When we finally arrived at the station we walked to this little capsule hotel called Drop inn Osaka. the place was really cool. It kinda reminded me of a cross between Japan and Brooklyn. Basically instead of rooms we had Capsules in a communal room. they were comfortable but a little small. Overall, It was defiantly a day to remember in Japan.

Wasabi Frappachino’s (Roman, Lindsay and Jin)

Group Wasabi Frappuccino Feb.27

Today began in Osaka. We took a bullet train from Osaka to Okayama. The train ride was hilarious.
Okayama was a incredibly beautiful city in Japan. The day we spent was a day to remember. Even though it was cold, and the lunch was very interesting. We started with the Okayama castle. On the way walking to the castle, the view was definitely beautiful and the walk was very enjoyable. The castle itself was indeed very beautiful, it was a total black castle with gilded roof, and it was contrasted with Himeji castle, which is a total white castle. We walked around inside the castle, took photos in ceremonial clothes, and saw many beautifully crafted swords. By the time we finished the tour, it was really cold.

We the walked to the garden. It was unforgettably beautiful and elegant. In the garden, we had our first traditional Japanese green tea ever, it was a little bit bitter, but very foamy. Together we also had mochi, which was very good. In such a freezing weather, nothing could be better than a cup of warm tea with a little sweet. In the garden, there were blossoms, we couldn’t tell if they were the famously known sakura or not, but they were definitely pleasures to look at. Only in Japan right now one could feel that spring was coming, in contrast to the cold freezing icy weather in New York.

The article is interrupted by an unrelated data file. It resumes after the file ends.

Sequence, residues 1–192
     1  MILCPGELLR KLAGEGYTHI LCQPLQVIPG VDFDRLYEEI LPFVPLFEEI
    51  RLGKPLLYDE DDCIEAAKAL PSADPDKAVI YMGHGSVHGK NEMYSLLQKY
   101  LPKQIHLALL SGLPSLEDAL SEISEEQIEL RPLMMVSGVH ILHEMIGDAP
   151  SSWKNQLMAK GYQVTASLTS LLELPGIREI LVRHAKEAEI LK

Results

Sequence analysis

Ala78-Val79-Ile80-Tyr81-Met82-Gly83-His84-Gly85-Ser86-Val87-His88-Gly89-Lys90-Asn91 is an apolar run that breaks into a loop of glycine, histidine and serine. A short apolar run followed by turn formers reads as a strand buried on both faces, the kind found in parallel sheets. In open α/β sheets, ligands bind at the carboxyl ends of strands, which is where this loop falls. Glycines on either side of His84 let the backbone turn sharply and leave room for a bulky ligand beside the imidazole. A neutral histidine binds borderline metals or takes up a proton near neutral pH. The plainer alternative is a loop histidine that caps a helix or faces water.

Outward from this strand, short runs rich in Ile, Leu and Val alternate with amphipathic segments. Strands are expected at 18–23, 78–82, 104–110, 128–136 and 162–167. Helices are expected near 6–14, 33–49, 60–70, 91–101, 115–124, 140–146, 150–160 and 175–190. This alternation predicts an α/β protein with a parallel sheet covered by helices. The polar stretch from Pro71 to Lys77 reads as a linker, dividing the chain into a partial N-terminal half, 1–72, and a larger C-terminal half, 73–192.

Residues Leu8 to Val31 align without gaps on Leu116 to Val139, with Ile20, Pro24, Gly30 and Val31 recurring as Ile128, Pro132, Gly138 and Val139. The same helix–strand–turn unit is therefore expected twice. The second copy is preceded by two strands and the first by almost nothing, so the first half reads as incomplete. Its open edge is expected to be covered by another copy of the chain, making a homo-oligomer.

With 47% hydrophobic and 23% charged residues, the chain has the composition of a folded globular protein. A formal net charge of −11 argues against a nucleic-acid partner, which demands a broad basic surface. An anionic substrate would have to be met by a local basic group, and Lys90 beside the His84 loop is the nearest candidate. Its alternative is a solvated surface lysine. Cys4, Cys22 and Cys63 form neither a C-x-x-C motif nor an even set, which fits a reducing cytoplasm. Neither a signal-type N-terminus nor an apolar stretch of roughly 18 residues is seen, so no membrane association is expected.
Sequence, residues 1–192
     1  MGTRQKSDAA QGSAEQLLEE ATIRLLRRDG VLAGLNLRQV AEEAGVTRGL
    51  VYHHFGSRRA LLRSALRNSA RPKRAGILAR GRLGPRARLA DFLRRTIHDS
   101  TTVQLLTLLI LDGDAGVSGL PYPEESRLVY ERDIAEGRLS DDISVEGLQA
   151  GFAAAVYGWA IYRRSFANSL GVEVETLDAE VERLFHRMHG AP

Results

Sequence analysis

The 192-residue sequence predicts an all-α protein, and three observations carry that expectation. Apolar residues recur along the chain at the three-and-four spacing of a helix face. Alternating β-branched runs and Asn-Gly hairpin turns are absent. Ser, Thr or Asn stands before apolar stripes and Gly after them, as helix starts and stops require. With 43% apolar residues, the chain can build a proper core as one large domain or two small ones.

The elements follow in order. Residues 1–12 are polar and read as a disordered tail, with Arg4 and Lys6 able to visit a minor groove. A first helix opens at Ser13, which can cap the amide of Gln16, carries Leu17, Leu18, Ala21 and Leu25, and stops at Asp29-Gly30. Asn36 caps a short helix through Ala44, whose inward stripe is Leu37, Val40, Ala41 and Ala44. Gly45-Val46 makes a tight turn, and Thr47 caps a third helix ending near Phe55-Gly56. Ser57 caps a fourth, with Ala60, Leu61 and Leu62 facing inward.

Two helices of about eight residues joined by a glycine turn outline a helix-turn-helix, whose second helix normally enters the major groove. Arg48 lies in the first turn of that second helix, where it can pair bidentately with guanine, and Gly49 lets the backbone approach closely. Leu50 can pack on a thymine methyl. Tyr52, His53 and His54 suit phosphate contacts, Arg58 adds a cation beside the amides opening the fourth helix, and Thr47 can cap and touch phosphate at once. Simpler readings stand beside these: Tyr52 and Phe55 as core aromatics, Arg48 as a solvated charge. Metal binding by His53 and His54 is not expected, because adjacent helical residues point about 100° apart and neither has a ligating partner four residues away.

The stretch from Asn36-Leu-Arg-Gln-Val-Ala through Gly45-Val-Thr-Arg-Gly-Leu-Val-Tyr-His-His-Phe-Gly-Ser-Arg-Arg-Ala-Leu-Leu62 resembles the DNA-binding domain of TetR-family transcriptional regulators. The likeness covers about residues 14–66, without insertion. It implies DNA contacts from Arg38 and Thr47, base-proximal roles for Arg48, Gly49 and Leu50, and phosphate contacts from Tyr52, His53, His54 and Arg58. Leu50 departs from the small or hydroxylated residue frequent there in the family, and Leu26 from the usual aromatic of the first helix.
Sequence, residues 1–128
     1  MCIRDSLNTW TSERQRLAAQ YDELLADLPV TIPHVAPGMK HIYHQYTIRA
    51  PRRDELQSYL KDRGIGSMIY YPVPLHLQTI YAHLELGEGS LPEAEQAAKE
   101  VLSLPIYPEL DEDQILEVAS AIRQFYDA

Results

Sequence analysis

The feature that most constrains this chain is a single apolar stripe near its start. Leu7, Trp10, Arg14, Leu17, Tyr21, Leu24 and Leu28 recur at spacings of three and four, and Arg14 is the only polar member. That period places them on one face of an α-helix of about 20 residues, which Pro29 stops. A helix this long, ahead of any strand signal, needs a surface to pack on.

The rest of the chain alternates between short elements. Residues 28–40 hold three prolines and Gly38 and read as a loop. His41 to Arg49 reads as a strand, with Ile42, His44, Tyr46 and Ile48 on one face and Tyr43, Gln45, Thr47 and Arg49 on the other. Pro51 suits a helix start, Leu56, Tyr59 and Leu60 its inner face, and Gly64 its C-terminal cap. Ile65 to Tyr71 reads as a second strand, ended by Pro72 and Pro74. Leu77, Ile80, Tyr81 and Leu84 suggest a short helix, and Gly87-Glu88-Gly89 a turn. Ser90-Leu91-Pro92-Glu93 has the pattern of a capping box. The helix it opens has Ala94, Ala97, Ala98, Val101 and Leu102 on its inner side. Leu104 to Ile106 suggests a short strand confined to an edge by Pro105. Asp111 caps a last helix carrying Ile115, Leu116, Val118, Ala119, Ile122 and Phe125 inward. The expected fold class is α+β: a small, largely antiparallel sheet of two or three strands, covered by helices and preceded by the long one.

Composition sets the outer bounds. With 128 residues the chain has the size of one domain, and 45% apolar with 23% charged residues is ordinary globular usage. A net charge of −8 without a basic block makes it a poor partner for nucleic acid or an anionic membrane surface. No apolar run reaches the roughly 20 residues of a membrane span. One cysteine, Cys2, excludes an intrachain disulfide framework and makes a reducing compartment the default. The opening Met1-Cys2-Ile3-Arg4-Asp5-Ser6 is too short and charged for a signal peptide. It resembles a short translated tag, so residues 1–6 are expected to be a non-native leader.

After we left the park, we went onto a mission of scavenger hunt. Within the small groups, we all have gotten tasks to complete. Among them, the hardest ones were finding hirakaras on signs, or asking people from different age groups to take photos with us. For taking photos, we tried to ask a few ladies who we guessed could be around the age of more than 65, but they eventually all rejected our quests. But finally we found a guy who was 75 underground and successfully took a photo with him. Maybe he didn’t even known what was going on. For finding the hirakaras, Jin tried to communicate with local students and asked them to help him finding them, and due to the limit of acknowledgement of English, they weren’t able to talk to each other successfully (using a dictionary). We had completed all the tasks besides the one of asking random strangers and say hi to them in Japanese, which we had forgotten. We eventually found our way back to the hotel with the help from a local lady who could almost speak English.
Today ended with a pleasant dinner to celebrate India’s 15th birthday.image

Lunch snack

Lunch snack

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Sakura?

Sakura?

With shop assistant

With shop assistant

Roman with kids

Roman with kids

The gang

The gang

Jin's take over

Jin’s take over

Kerrie in kimono

Kerrie in kimono

Group photo in front of the castle

Group photo in front of the castle

Lindsay, Roman, Jin